Osteochondral Allograft Transplantation in the Knee
The concept of treating articular cartilage diseases with bone and cartilage substitution in the knee has now a history of more than a century, since the first joint transplantation described by Lexer in 1908.1,2 Animal and clinical studies concerning transplantation and immunology were performed in the 1960s, demonstrating that transplanted fresh cadaver cartilage is viable.3–5 In the 1970s, Gross and colleagues began reporting on their experience with osteochondral allograft (OCA) for post-traumatic and periarticular tumor reconstruction.6,7 In the 1980s, Meyers et al first applied this technique to specific chondral and osteochondral diseases such as chondromalacia, osteoarthritis, and osteonecrosis,8 developing the shell-shaped graft. Later in the 1990s, Garrett first reported on the use of allograft plugs for the treatment of osteochondritis dissecans (OCD) of the knee.9 In the past 20 years a large number of basic scientific and clinical studies have been performed by several investigators. These studies and the increasing availability of fresh allografts have led to an increasing popularity of fresh allografts and the inclusion of this procedure as part of the “cartilage repair paradigm” for the treatment of chondral or osteochondral lesions in the knee.10–12
Allograft Recovery, Processing, and Storage
Historically, in North America, fresh OCA procedures were performed at university-based centers that had associated tissue banks, which independently established recovery, processing, and release protocols. Fresh OCAs were typically stored in lactated Ringer solution and transplanted fresh within 1 week after the donor′s death. Under this model ∼ 100 allografts per year were implanted in North America in the 1980s and 1990s. Beginning around 1998, commercially supplied allografts became available in the United States through several tissue banks that established new protocols under the oversight of the Food and Drug Administration. Commercial distribution of grafts required a prolonged storage interval (10 to 45 days) to allow for completion of recovery and testing protocols. This resulted in an increase in the number of allografting procedures performed in the United States to ∼ 2,000 per year.
Allograft tissue recovery is performed within 12 to 24 hours of the donor′s death.13 Suitable donors are generally between 15 and 35 years of age with macroscopically healthy articular cartilage. As the transplantation procedure is based on cartilage substitution, a process that maintains allograft cartilage tissue health during storage is mandatory. Many studies have been performed to identify the ideal storage media and to evaluate the effects of hypothermic storage on chondrocytes and extracellular matrix (ECM).14–19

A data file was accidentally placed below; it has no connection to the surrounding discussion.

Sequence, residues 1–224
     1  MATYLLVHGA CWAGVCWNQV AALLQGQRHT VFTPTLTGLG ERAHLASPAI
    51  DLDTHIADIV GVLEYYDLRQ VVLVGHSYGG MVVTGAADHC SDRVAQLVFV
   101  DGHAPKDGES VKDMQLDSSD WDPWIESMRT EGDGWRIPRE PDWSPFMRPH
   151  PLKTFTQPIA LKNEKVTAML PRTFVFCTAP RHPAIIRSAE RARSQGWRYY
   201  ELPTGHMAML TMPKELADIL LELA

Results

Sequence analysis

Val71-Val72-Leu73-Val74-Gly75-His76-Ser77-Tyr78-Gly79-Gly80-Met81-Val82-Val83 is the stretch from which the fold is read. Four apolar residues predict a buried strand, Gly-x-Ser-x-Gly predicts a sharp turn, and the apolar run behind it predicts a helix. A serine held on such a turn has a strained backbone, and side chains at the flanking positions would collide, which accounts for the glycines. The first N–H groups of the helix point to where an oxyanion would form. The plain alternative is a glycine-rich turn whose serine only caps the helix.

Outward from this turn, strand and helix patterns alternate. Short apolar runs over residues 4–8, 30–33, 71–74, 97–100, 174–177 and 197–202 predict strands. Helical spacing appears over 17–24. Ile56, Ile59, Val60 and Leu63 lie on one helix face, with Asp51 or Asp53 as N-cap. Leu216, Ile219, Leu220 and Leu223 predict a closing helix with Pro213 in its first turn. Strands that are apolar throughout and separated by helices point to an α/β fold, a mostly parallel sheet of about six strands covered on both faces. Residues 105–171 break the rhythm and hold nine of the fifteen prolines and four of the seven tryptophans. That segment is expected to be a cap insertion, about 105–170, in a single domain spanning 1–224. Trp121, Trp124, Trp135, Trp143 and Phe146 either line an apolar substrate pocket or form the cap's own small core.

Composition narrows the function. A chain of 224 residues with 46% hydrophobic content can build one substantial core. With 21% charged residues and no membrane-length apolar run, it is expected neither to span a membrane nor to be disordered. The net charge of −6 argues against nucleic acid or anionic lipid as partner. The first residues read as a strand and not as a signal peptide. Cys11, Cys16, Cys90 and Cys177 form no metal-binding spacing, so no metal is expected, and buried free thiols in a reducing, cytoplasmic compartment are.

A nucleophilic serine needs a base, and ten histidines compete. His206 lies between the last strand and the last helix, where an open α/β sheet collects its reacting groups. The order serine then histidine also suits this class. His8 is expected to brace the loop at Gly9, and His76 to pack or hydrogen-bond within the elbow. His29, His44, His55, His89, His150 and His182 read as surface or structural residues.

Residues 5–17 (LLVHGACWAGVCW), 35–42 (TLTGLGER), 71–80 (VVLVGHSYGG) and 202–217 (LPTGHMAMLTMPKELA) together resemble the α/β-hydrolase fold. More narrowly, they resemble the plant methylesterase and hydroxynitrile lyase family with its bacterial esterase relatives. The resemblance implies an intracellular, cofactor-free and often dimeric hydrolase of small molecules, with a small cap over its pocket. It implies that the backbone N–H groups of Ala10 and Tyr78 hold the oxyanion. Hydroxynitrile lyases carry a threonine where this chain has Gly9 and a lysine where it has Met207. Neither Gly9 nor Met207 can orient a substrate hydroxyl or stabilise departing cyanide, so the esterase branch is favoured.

OCA can be stored frozen, cryopreserved, or fresh. Each of these options affects chondrocyte viability, immunogenicity, and length of time to transplantation. Frozen grafts showed a chondrocyte survivorship of less than 5% because of the freezing process at −80°C.20 As chondrocytes are responsible for maintenance of the ECM, studies have shown that the matrix in these frozen allografts tends to deteriorate over time.21,22 Along with the decreased chondrocyte viability, frozen allo-grafts showed decreased immunogenicity.23
With cryopreservation it is possible to maintain chondrocyte viability during this freezing process by adding glycerol and dime-thyl sulfoxide to the tissue. Theoretically, the addition of these chemicals prevents ice formation within cells. Multiple studies have reported variable results, with chondrocyte survival ranging from 20 to 70%.24–27 Unfortunately, viable cells were found only at the surface of the articular cartilage layer.28 Fresh allografts proved to have the highest rates of chondrocyte viability of the three different methods of storage.19,25,29,30 Fresh grafts are usually placed in tissue culture medium at 4°C (or potentially 37°C). Chondrocyte viability is significantly affected by length of storage, with little effect from storage times less than 1 week.31,32 The time of storage before implantation is a key point. Studies have shown a time-dependent decreased chondrocyte viability and degradation of biomechanical properties of fresh grafts stored for more than 14 days.33–35 Currently the trend of the tissue banks is to hold transplants for a minimum of 14 days, to allow completion of microbiologic and serologic testing before release.36
More recently a new off-the-shelf alternative to classic OCA has been developed and released in the U.S. market: The Chondrofix Osteochondral Allograft (Zimmer, Inc., Warsaw, IN). This product is an OCA consisting of decellularized hyaline cartilage and cancellous bone, recovered by an accredited tissue bank, processed to be sterile and viralinactivated, hydrated, precut, and ready for implantation. The relative advantages include an off-the-shelf availability, sterility, and ease of use, whereas potential limits are availability in sizes only up to 15 mm and the absence of viable cells within the graft. Currently no published peer-reviewed data are available; however, preliminary experience suggests a place for this product in the pool of newer alternatives for chondral and osteochondral repair or replacement.
Biologic Response to Implanted OCA